Are Welding Rods Radioactive (Explained for Beginners)

Thoriated tungsten welding rods contain 1-4% radioactive thorium dioxide. Grinding releases 298 mBq/m³ of thorium-228. Welding fume concentration: 1-8 mBq/m³ (Th-228), <3 Bq/m³ (Rn-220). Annual dose to welders: 55 mrem – 2 rem (bone), <100 mrem effective. Minimize exposure: ventilation, PPE, hygiene. Exempt quantity for disposal: 1 μCi/rod.

In this article, we’ll dive into the specifics of thoriated tungsten electrodes, which contain radioactive thorium, and provide a detailed guide on how to handle them safely.

Are Welding Rods Radioactive

Understanding Thoriated Tungsten Electrodes

Thoriated tungsten electrodes are commonly used in welding due to their excellent electron emission and high-temperature stability. These electrodes typically contain 1-4% thorium dioxide (ThO2) by weight, with the most common types being:

  • 1% ThO2 (color coded yellow): Offers good arc starting and stability, suitable for low-current applications (up to 150A).
  • 2% ThO2 (color coded red): Provides excellent arc starting and stability, ideal for high-current applications (up to 300A).

The thorium content enhances the electrode’s performance by lowering the work function, which is the energy required to emit an electron from the surface. This results in easier arc starting, better arc stability, and longer electrode life compared to pure tungsten electrodes.

Radioactivity of Thorium-232

Thorium-232, the isotope present in thoriated tungsten electrodes, is a low-level radioactive material. It primarily emits alpha particles, along with some beta and gamma radiation. The specific activity of thorium-232 is 4,060 Bq/g, which means that one gram of pure thorium-232 undergoes 4,060 nuclear disintegrations per second.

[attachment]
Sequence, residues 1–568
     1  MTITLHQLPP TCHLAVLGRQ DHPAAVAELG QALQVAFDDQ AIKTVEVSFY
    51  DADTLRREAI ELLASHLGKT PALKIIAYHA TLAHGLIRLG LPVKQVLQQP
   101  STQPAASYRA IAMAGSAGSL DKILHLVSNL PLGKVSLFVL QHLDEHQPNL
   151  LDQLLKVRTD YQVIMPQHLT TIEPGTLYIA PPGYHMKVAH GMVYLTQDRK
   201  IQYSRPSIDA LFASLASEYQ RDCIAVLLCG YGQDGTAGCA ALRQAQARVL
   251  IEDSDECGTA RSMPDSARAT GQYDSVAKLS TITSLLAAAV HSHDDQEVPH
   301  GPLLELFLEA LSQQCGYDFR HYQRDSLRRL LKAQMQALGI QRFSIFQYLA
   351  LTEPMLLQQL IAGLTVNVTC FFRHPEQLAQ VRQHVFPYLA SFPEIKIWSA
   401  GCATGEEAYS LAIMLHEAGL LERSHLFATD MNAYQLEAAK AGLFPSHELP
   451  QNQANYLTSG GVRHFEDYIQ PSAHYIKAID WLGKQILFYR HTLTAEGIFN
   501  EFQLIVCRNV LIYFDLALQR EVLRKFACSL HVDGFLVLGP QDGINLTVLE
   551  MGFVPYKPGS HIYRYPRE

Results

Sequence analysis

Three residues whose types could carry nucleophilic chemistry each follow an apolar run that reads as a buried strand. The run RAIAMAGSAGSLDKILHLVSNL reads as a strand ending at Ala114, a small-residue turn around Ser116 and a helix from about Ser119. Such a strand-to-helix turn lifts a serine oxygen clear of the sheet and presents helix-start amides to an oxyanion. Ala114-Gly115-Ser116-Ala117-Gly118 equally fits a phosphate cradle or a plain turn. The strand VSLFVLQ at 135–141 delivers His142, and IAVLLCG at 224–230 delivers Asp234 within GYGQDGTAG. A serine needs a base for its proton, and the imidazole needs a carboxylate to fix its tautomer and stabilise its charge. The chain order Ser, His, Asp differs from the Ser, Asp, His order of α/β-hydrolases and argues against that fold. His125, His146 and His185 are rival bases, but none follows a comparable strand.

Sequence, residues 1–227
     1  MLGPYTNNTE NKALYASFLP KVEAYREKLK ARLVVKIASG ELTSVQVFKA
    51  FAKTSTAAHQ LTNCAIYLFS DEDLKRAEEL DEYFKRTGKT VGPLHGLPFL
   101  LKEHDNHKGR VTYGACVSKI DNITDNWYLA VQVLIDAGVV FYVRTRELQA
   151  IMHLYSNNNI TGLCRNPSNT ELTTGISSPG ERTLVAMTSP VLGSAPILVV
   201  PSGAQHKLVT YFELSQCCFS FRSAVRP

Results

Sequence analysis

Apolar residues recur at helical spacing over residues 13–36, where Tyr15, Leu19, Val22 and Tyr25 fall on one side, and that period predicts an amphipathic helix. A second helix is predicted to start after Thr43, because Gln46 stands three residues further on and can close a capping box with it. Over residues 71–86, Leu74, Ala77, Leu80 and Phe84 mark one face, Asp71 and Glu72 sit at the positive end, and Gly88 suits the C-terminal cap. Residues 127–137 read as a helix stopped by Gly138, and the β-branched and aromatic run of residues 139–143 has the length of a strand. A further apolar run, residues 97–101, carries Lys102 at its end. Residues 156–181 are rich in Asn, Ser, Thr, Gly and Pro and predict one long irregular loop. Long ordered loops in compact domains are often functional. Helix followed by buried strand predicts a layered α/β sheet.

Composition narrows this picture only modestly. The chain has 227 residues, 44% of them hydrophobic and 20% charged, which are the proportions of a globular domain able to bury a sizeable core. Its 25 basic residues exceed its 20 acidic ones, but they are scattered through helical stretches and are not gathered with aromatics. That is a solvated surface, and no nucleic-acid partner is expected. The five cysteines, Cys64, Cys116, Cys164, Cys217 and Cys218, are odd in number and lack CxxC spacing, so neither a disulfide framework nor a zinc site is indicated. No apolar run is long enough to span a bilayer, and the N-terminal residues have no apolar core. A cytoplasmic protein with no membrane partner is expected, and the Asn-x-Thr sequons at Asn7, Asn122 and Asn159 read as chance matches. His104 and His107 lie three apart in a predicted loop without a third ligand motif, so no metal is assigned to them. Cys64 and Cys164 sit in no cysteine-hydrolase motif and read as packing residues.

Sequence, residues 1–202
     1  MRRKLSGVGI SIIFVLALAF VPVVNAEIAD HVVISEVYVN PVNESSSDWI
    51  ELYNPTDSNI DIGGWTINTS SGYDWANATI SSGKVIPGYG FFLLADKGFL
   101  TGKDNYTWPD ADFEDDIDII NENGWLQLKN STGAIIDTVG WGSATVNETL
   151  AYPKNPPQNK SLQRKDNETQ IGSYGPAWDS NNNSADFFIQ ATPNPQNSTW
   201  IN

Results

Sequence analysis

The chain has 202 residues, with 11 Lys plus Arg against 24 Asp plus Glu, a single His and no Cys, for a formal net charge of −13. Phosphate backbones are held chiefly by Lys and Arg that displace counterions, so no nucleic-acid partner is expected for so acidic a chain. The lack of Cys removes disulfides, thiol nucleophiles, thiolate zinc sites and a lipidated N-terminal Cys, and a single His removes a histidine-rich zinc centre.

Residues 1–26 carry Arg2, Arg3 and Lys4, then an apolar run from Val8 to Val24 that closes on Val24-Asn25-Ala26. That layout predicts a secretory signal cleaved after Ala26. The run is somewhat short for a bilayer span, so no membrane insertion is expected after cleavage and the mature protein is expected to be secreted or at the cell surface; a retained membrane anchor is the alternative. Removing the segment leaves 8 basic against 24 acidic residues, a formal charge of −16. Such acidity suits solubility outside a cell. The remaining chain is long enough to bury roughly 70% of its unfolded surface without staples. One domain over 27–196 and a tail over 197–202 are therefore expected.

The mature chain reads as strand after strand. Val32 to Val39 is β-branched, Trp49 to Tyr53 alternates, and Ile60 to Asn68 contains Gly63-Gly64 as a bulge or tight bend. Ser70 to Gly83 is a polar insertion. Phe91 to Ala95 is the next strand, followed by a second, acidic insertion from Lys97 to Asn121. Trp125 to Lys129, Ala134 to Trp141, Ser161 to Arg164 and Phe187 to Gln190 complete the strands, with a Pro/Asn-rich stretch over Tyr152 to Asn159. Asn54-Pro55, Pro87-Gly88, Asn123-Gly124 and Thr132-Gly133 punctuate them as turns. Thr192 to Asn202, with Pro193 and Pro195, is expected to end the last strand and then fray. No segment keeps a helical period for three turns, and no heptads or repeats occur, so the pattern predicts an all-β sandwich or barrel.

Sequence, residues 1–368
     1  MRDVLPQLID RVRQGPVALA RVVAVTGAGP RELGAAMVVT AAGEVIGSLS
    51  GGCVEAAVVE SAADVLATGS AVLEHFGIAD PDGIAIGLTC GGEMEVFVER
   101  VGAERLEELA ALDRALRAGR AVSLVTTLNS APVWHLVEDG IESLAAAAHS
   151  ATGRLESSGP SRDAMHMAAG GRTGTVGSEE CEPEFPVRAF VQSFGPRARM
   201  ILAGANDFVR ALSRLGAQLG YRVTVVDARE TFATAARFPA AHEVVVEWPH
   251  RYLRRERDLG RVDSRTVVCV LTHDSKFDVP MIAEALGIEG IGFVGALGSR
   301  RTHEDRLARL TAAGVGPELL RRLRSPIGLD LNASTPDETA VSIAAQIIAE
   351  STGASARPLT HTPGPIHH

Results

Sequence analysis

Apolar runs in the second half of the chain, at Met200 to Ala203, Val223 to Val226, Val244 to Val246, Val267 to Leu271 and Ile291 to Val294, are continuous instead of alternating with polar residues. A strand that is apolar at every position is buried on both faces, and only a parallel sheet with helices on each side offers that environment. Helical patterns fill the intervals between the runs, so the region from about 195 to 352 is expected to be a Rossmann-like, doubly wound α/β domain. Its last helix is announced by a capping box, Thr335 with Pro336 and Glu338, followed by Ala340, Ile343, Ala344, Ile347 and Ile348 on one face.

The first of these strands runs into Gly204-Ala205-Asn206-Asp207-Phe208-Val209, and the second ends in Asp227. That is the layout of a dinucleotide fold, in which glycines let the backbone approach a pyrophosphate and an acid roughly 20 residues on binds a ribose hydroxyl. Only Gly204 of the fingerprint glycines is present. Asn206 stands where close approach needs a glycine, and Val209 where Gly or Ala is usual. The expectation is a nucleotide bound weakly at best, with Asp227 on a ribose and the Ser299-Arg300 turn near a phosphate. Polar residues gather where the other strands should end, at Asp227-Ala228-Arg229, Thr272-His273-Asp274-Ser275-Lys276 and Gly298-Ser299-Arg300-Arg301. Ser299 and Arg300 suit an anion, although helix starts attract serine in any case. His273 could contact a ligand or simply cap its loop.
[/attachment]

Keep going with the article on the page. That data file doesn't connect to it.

Alpha particles have a very short range in air (a few centimeters) and can be easily stopped by a sheet of paper or the outer layer of skin. However, if inhaled or ingested, alpha particles can cause significant damage to internal organs and tissues.

Radiological Concerns and Exposure

The main radiological concern with thoriated tungsten electrodes is internal exposure from inhaling or ingesting thorium dust particles. This can occur during the grinding process when preparing the electrodes for use.

Grinding Thoriated Tungsten Electrodes

To achieve the desired electrode shape and tip geometry, welders often grind thoriated tungsten electrodes using a dedicated tungsten grinder or a bench grinder with a diamond wheel. During this process, thorium dust particles can become airborne and pose an inhalation hazard.

To minimize exposure during grinding:

  1. Use a grinder with a dust collection system: A grinder equipped with a HEPA-filtered dust collector can capture the majority of thorium dust particles generated during grinding.
  2. Grind electrodes in a well-ventilated area: Perform grinding operations in a designated area with adequate ventilation to prevent the accumulation of thorium dust.
  3. Use wet grinding techniques: Wet grinding, using a coolant or water, can help suppress dust generation and reduce airborne thorium concentrations.
  4. Wear appropriate PPE: Use a properly fitted respirator with a HEPA filter, safety glasses, and protective clothing to minimize exposure to thorium dust.

Airborne Thorium Concentrations

Studies have measured the airborne thorium concentrations during welding and grinding of thoriated electrodes:

ActivityThorium-228 Concentration
Grinding298 mBq/m³
AC Welding1-8 mBq/m³
Radon-220 (Thoron Gas)<3-3 Bq/m³

These concentrations are relatively low but still warrant proper ventilation and protective equipment to minimize exposure.

Radiation Dose Estimates